ould strive to present themselves as whole beings since the symbolic reduction of woman to something less than whole “then becomes a rationale for unequal treatment of women” (p. 50). This linkage of image with treatment raises a lot of questions which are then discussed later in the book.
This is a web page containing information on the social construct of gender. It has many images from the last two hundred years, including stamps and advertising materials, and contains hyperlinks to articles and statistics which back up statements made. Some useful graphs and tables show how women have consistently earned less than men. A sobering fact is that when Americans were asked in the NORC 1996 survey whether they thought the future of girls were likely to have a happy family life: “Only 20% thought their chances will be better while 36% thought that they will be worse.” This suggests that American society has a long way to go in achieving gender equality.
This is an open access web portal, providing information on a wide range of humanities related subjects and hosted by the Carnegie Mellon University Women’s Center. There are eight topic areas: Activism, Gender and Sexuality. Health, History, Links, Programs, Theory and Workplace. The last section contains articles from the professions, and looks at the literature on student surveys, concluding for example that “ female professors bear a double burden: they must fulfill both their gender role by being nurturant and warm, as well as their professional role by being competent and knowledgeable.” There are studies also on women in computing, the military, politics etc.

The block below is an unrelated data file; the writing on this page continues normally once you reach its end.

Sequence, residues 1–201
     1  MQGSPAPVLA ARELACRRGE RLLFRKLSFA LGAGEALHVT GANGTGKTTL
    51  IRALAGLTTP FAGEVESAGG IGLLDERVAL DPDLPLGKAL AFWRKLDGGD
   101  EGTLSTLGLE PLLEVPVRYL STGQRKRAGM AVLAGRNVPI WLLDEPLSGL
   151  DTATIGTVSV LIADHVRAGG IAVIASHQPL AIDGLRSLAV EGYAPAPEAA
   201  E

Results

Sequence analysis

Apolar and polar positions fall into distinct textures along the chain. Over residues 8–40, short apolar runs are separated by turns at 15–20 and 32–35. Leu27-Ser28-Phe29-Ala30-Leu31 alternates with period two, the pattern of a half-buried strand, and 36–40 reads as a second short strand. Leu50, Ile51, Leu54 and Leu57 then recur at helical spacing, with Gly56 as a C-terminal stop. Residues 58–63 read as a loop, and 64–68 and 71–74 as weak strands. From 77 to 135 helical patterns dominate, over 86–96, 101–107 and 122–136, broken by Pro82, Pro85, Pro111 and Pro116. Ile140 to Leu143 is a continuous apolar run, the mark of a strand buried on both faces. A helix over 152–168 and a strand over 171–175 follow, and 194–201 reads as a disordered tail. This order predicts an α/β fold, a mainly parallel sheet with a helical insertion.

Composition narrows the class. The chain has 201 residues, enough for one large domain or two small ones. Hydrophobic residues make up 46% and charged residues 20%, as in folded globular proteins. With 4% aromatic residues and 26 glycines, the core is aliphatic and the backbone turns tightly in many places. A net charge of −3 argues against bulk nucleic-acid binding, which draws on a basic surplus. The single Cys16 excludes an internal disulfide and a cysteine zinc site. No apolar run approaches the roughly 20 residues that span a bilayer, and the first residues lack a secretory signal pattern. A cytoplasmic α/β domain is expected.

This is a huge bibliographical resource which “lists about 22,400 books and articles, sorted into over thirty major subject areas.” It is administered from Australia but has a world- wide focus. There is a combination of academic and practical material, along with statistics and topical discussions. New submissions are welcome and this